A second example is from Lazada, which is an e-commerce platform in Singapore. What they did is they leveraged Lighthouseto identify low hanging fruit and quick wins, such as JavaScript and CSS what was currently blocking the initial render, and also image optimizations. Concretely, they were able to use next generation formats like WebP, and defer non-critical images. When they implemented this with removing some of that render blocking JavaScript and CSS, they were able to improve the largest contentful paint by three times. And this led to a nearly 17%, better mobile conversion rate.

Melissa Mitchell (00:17:54):

And the last example on here is from GYAO, which is a Japanese media platform. They also started to use next gen WebP images. And they started to preload their hero image to make that the priority. In addition to dynamically importing the above the fold content, this led to about a three times better LCP and they eventually saw 108% more click ad click-through rates. And so, these are some fantastic examples of how focusing on these Core Web Vitals can help improve your business.

Katherine Rudik (00:18:29):

I think that’s a really good point to finish off our part of the presentation and lead you to the link below on the slide, which has a lot of other success cases of actual partners on the web. And also a lot of different talking points on how to convince different roles within your organization to take a look at Core Web Vitals and performance in general. And with that, I will be handing it over to our next speakers, Adam and Sérgio. Thank you very much, everyone.

Sérgio Gomes (00:19:03):

Hey everyone. So, when talking about Core Web Vitals and performance in general, we need to start at the server level. So, the server is the bedrock of performance for your site. And if your server is slow, then everything else will have to make up for it somehow, or at least try to. So that’s why I’d like to give you a little introduction to the architecture on WordPress VIP, and how that can help to ensure performance for your website. Now, none of this is probably new information to at least most of you. But it’s helpful to see how it fits into the wider context of Core Web Vitals and performance in general.

Sérgio Gomes (00:19:48):

So, at the most basic level, a site needs to be able to respond quickly to users requests and it needs to be able to do this reliably and consistently. And in order to do this, the approach that WordPress VIP has taken is to use a container infrastructure. Now, containers and if you can move on to the next slide, please. Containers are useful in two main aspects. So on the one hand, they provide for strong isolation in that all sites are isolated from each other and thus don’t cause an impact in each other’s performance. But beyond that, containers are also very flexible, so you can easily add and remove them. And that’s, for example, how WordPress VIP responds to changes in user demand where more users come in or fewer users come in, by spinning up and spinning down containers.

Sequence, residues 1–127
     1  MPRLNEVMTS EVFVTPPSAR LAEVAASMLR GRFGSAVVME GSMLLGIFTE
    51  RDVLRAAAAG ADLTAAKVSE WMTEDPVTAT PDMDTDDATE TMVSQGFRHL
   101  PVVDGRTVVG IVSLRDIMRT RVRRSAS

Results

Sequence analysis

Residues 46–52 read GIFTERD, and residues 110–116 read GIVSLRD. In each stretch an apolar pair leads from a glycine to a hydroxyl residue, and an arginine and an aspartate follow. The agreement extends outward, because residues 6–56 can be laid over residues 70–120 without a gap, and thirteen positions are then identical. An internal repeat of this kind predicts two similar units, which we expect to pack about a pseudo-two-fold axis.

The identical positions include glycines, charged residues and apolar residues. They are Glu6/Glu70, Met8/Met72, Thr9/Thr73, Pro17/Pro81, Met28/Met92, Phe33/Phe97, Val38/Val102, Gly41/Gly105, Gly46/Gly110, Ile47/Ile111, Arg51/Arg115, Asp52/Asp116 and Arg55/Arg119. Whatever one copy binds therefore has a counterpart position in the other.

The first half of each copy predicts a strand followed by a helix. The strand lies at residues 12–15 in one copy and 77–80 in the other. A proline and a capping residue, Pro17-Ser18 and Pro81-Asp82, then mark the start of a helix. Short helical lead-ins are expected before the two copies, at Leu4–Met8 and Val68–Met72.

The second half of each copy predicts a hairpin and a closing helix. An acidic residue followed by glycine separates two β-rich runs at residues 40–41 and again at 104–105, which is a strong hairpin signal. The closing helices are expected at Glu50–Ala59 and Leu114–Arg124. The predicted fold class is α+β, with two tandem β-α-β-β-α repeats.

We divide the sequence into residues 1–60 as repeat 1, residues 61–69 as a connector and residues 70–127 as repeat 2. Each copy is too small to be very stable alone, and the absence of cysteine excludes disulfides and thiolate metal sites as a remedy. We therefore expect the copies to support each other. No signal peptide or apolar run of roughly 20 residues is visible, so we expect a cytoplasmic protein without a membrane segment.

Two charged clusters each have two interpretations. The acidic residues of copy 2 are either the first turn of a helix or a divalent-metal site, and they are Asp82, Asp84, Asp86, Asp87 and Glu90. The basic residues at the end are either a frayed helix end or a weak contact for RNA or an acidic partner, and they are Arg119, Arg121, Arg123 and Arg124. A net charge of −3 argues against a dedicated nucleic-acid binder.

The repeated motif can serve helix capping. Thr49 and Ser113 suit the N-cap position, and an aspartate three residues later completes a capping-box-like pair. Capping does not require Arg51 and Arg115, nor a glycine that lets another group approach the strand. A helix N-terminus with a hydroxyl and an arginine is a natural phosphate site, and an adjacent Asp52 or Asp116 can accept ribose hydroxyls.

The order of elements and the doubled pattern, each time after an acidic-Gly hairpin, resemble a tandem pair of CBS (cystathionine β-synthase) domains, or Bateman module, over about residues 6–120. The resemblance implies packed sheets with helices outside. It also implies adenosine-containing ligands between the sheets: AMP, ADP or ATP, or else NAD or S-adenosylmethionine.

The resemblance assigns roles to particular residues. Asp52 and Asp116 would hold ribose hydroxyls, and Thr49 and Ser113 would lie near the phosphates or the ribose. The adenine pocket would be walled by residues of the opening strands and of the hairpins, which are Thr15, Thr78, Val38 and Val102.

Sérgio Gomes (00:20:48):

Now, of course, having a container-based infrastructure is only the beginning, you need to be able to optimize what goes inside of these containers. And in the case of WordPress VIP, that’s WordPress. So, since we know exactly what’s going into these containers, we’re actually able to optimize things down to the hardware level. And what I mean by this is that, if you could show the next slide please, is that if a PHP web server, and a database server and cache server have very different requirements. For example, concurrency needs are different, storage needs are different, bandwidth needs are different. And so we’re actually able to go in and optimize, choose the best hardware for each of these subsystems given that we know that we’re going to be serving WordPress. And given that we know the different subsystems in WordPress, the different requirements that they have.